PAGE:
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Oxfam India's Long Term Intervention Strategy And Programme Rapid Need Assessment by a Multi-Disciplinary Team
Bangalore - Earthquake Update Appeal No. 9  (19th Feb 2001)

Gujarat Shattered By A Killer Earthquake:
Oxfam India's Long Term Intervention Strategy And Programme

  "When the situation moves from relief to rehabilitation, the key challenge for humanitarian agencies is to shift gears from charity mode to advocacy and political action to attain basic rights." 
Gujarat Earthquake: "Healing the Wounds" Oxfam India February 26, 2001 More..

According to a need assessment undertaken by Oxfam's disaster management team, the following points were made:
1. Community Based Rehabilitation for the disabled. This service will be required for the next 12 months.

2. Psychosocial support for the people who are under shock and trauma. Post Trauma Stress Disorder is prevalent amongst disaster-affected people.This intervention will have to last 6 - 12 months as well.

3. The availability of accurate and appropriate information will be required during the reconstruction phase.

4. The building of people-exchange programmes and community centres to enable local people to exchange information and skills and to interact with people who have survived earthquakes like Latur, to share their knowledge and skills with the communities.

5. Educating the people about their basic rights to disaster relief and long-term assistance.

6. Lobbying the Government for an effective disaster management policy and preparedness programme.

Long-term rehabilitation is a challenge for the survivors and the
humanitarian agencies. (Strategy note dated Feb 15th).

Responding to the immediate relief needs of the earthquake- devastated people in Gujarat was/ is a daunting task for relief agencies and the government. The first two weeks witnessed overwhelming relief assistance. However, we also found how some remote places were neglected. The scene is changing fast.

Oxfam India responded to some of the very basic survival needs like food, warm clothes, temporary shelter and specialised medical assistance in some of the neglected pockets. It also facilitated the organisation of response in Bangalore and Mumbai. It also highlighted critical issues in the media to facilitate appropriate relief and advocate humane policy directives.

Rapid Need Assessment By a Multi-Disciplinary Professional Team:

Oxfam India also put together a multi-disciplinary team to conduct a rapid need assessment of the earthquake-affected areas to develop our long-term interventions strategy. The multidisciplinary comprised of

Dr. Jacob VC, Mumbai
He is lead physiotherapist and Vice President of Indian Association of Physiotherapists. He has experience of working in Latur.

Mr. Santosh Kalyane, Latur
He is an engineer and development resource person who has worked with communities and women's groups. He is associated with Swayam Sikshan Prayog, an organisation working in Latur for the last 7 years.

Mr. Gabriel Britto, Mumbai
He is a social scientist and is also the director of Development Resource Centre.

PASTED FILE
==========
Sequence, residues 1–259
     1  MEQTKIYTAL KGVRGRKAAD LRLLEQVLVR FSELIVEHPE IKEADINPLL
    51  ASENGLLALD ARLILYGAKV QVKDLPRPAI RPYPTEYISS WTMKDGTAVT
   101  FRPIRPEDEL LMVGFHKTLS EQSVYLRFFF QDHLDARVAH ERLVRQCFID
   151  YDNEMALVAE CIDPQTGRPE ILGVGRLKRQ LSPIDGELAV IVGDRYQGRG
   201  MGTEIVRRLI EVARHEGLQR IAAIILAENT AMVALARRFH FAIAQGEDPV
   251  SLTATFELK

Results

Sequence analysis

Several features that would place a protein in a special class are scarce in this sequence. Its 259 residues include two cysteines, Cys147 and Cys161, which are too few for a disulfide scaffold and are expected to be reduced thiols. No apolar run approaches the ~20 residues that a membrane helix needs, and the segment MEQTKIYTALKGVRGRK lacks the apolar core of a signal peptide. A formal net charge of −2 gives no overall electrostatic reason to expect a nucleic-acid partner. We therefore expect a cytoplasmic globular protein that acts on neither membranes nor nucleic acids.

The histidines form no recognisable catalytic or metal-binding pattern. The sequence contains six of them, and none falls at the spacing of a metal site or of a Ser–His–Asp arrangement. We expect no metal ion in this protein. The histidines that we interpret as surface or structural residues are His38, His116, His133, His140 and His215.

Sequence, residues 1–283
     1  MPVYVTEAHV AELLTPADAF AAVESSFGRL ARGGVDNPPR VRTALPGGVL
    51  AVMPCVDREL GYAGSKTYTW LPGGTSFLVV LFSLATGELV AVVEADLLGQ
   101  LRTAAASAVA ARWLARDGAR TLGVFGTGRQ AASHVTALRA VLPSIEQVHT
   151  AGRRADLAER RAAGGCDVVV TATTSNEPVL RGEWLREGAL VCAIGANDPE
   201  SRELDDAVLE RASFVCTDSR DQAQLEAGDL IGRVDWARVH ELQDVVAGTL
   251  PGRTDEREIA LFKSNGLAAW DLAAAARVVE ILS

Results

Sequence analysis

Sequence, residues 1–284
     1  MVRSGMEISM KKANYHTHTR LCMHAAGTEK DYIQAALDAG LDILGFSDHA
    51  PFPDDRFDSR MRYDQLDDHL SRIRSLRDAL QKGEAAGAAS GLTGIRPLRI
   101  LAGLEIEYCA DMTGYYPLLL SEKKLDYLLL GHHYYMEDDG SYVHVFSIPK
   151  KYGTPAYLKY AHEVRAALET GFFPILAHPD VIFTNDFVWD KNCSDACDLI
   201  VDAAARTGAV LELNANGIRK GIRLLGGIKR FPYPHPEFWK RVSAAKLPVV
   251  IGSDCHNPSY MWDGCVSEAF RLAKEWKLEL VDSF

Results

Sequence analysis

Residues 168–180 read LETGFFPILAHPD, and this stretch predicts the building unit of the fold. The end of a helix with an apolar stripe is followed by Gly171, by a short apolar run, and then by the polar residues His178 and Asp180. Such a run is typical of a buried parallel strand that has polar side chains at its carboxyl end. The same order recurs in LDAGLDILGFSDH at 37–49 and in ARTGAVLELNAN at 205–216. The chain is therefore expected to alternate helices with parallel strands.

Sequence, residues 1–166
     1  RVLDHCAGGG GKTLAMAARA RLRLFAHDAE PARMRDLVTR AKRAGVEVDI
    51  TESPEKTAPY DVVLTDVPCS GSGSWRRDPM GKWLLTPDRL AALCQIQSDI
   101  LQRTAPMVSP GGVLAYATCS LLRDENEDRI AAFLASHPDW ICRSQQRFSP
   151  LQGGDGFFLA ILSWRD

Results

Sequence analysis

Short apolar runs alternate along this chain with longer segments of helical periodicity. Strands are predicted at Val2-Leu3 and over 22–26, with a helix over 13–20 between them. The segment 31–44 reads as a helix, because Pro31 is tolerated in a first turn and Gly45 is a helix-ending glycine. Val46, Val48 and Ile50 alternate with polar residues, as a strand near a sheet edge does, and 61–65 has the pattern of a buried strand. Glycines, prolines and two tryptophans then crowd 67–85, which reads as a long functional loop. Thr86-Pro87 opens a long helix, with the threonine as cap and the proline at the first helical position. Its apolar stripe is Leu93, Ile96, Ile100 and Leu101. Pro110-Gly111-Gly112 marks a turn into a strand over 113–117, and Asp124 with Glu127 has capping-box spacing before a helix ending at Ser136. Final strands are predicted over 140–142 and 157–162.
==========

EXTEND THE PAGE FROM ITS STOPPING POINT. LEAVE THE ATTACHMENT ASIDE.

Ms. Philomina Christi,Ahmedabad
She is a gender activist associated with St. Xavier's Social Service Society. She has worked on gender, rights and dalits issues.

Dr. Unnikrishnan PV, Bangalore
He is Oxfam India's co-ordinator for Disasters & Emergencies. He is a medical doctor working on health and humanitarian issues, both at the policy and field implementation levels.

Note- 1:
Inputs from a specialist mental health team from National Institute of Mental Health and Neuro Sciences, Bangalore and other experts who are currently in the area are also incorporated in this note.

Inputs of the teams from Swayam Sikshan Prayog, Mumbai; Peoples' Science Institute , Dehradun and Anandi, Bhavnagar are also incorporated especially on sections related to reconstruction, information dissemination and exchange programmes.


The team visited the affected areas and hospitals in Ahmedabad; remote and other villages; spots where the disaster affected displaced people are located at present, make shift health centres and relief tents. The team also had extensive interviews, interactions and focussed group discussions with affected people- mainly women, children, elderly, ignored sections of the community and other vulnerable groups such as migrants, dalits, minorities; NGOs and international agencies, government, army, medical and health experts, and others working in the area.

The Rapid Assessment Suggests the Following Interventions (For Details, Please Read the Full Report)

Interventions to provide Community Based Rehabilitation for the disabled. Paraplegics and those with limb, multiple and spine injuries, fractures and other disabilities will need physiotherapy assistance to get their lives back into action. Without this intervention and assistance of physiotherapists, the paraplegics and the like will end up their lives in wheel chairs. This service may be required for the next 6 to 12 months and that too at the doorsteps of the needy people as they are immobile and can't commute to hospitals.

This is not a visible agenda for NGOs and government at this stage. Even after 8 years, there are over 20 paraplegics still awaiting rehabilitation in Latur, where a killer earthquake (of a less devastation) struck in 1993.

We need to act fast. Oxfam India is committed to take up this challenge and is finalising a work plan in collaboration with the experts associated with the Indian Association of Physiotherapists. We are also working out the details of setting up a rehabilitation centre at Ahmedabad in association with St. Xavier's Social Service Society, Ahmedabad.